Despite popular impressions and dinner-table gossip, the problems of our schools, and above all of “school reform,” are not the result of unions. I speak in part from personal experience over the past thirty-five years in New York City and Boston. The last big project I was involved with in New York, which required real courage on the part of all the major institutional powers, came to a screeching halt because everyone backed down except the teacher’s union. We had asked for a “free zone”-constituting no more than 5 percent of New York’s student population as an experiment in non-regulation (or at least vastly decreased regulation). The state, the city, and the Board of Education ended up backing away, but at no point did the United Federation of Teachers. Perhaps they would have if and when we really began to operate (except on matters of wages and working conditions) outside of the union contract. They weren’t always enthusiastic supporters; they were skeptical from first to last and might have become more so if the idea had caught on. But that’s speculation; in fact they never flinched. They saw the project, they said, as an experiment in providing a form of schooling that would produce better results for kids while also empowering classroom teachers.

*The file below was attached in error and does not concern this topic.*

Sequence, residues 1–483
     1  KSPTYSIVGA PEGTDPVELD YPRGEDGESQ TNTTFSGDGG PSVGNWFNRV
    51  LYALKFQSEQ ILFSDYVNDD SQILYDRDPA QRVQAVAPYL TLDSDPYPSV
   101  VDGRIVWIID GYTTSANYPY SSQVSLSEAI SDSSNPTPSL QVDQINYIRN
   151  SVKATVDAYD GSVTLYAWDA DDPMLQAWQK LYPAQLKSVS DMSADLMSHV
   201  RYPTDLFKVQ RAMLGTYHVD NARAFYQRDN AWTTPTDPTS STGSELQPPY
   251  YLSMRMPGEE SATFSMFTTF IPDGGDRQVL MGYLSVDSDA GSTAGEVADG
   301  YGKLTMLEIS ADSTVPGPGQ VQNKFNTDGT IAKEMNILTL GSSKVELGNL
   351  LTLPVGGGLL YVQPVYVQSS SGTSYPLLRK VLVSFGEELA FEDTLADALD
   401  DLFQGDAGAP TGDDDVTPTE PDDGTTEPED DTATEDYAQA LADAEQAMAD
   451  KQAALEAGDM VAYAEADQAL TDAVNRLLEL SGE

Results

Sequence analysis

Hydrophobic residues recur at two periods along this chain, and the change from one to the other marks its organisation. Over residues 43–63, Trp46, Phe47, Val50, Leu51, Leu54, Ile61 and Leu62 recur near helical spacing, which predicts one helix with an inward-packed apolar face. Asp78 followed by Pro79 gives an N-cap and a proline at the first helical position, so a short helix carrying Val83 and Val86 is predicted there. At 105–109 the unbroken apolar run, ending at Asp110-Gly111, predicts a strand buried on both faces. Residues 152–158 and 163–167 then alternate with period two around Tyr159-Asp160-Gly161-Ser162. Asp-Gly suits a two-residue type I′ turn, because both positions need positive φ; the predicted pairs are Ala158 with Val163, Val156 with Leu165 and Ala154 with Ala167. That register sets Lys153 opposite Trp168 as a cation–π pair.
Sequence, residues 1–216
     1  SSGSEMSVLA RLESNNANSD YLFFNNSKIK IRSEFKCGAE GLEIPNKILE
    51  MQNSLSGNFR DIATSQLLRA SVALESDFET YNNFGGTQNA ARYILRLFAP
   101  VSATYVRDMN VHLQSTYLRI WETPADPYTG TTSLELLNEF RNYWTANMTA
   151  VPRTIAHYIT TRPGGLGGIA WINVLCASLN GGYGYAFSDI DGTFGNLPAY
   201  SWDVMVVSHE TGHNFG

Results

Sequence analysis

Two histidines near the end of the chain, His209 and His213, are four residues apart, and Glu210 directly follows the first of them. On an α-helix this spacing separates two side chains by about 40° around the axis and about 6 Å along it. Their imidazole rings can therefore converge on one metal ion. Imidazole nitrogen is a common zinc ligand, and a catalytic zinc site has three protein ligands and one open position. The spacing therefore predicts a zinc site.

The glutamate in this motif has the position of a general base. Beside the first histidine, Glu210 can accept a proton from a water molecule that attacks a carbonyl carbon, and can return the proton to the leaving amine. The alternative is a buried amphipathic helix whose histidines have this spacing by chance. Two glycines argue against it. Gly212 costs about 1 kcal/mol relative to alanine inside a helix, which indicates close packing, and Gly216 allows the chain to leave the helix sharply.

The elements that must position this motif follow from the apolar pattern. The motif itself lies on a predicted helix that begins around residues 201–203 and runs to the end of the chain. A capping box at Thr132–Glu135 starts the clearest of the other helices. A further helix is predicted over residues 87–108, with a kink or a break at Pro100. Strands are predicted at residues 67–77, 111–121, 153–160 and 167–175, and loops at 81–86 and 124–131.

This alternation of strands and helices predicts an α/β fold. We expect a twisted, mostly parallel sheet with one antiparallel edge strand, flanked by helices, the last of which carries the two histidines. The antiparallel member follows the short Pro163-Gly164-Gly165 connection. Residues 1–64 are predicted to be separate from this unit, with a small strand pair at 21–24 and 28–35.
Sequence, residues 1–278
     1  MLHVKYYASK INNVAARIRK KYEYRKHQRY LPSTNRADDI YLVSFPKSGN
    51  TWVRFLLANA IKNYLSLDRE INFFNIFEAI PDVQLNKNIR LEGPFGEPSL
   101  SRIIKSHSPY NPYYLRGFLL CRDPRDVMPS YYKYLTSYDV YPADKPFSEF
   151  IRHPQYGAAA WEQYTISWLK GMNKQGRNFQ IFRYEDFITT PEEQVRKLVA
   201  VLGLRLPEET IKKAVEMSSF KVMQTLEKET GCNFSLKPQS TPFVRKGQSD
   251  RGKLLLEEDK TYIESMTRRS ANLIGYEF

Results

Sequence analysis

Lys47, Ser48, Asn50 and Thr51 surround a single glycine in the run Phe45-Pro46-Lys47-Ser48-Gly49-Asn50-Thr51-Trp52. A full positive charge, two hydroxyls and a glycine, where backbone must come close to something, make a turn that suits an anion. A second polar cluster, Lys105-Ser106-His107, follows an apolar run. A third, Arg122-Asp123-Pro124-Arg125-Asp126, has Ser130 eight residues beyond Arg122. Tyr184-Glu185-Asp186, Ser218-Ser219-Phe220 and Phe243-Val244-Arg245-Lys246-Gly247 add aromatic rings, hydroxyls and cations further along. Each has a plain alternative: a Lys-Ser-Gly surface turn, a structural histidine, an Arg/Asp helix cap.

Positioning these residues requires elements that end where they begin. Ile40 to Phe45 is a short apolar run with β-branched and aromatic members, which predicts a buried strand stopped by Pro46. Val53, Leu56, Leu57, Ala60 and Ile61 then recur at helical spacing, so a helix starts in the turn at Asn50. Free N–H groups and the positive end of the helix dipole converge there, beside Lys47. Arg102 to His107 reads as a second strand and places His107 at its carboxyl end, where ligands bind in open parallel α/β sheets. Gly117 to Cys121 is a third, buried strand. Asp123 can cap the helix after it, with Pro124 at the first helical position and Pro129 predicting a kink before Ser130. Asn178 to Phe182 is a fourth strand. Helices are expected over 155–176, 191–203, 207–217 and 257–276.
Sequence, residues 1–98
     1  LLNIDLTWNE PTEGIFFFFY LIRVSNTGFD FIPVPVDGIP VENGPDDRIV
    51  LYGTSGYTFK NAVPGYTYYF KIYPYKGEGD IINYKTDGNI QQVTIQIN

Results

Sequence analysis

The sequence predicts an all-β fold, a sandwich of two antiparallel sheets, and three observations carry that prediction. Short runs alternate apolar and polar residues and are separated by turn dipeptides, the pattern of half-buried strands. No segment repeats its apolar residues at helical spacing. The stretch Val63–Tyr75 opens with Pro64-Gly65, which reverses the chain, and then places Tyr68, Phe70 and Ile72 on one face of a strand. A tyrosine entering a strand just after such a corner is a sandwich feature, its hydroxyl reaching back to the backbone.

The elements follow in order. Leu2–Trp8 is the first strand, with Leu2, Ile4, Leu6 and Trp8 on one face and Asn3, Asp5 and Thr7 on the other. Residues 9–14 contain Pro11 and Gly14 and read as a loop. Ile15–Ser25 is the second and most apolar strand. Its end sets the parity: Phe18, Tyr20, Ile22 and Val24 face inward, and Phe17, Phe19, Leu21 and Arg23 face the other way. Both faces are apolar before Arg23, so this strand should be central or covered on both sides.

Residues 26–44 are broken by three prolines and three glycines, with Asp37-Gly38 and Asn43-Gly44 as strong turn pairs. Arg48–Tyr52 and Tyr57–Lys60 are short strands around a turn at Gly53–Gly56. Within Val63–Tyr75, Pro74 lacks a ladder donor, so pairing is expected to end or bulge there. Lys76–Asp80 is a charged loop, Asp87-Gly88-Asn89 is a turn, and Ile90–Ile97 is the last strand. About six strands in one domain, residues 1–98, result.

My experience over the past five years in Boston is similar. The Pilot Schools project-involving at the start no more than 5 percent of Boston’s students-was based on an agreement between the Boston Teachers Union and the Boston Public Schools to suspend all the regular contractual agreements as they applied to a dozen or so schools, provide a flexible per capita budget to each school, and allow freedom from other city-mandated requirements with regard to curriculum, scheduling, and staffing. Both the BTU and BPS soon lost their initial enthusiasm for the project-which they probably first saw as an answer to charter schools. But the BTU never went back on the original agreement. Small-scale quarrels between the pilots and the BPS, however, were and are constant as we negotiate each provision anew every year: Which budget item do we have control over and which do they? What voice do we have over state-provided “coaches”? Given the constraints of busing, what freedom do we actually have over scheduling? And so on. Because most of the daily issues relate to freedom from city, not union, rules it is hardly surprising that our frustration is usually focused on the “system.” The major worry we hear from the union is whether these less constrained schools actually offer more power to classroom teachers rather than school principals. Both parties also worry that, under the label of autonomy, the Pilot Schools are choosier about which students they accept. Do they, for example, accept fewer troubled students? And both worry about what the consequences would be if the idea really spread-in terms of the impact on...
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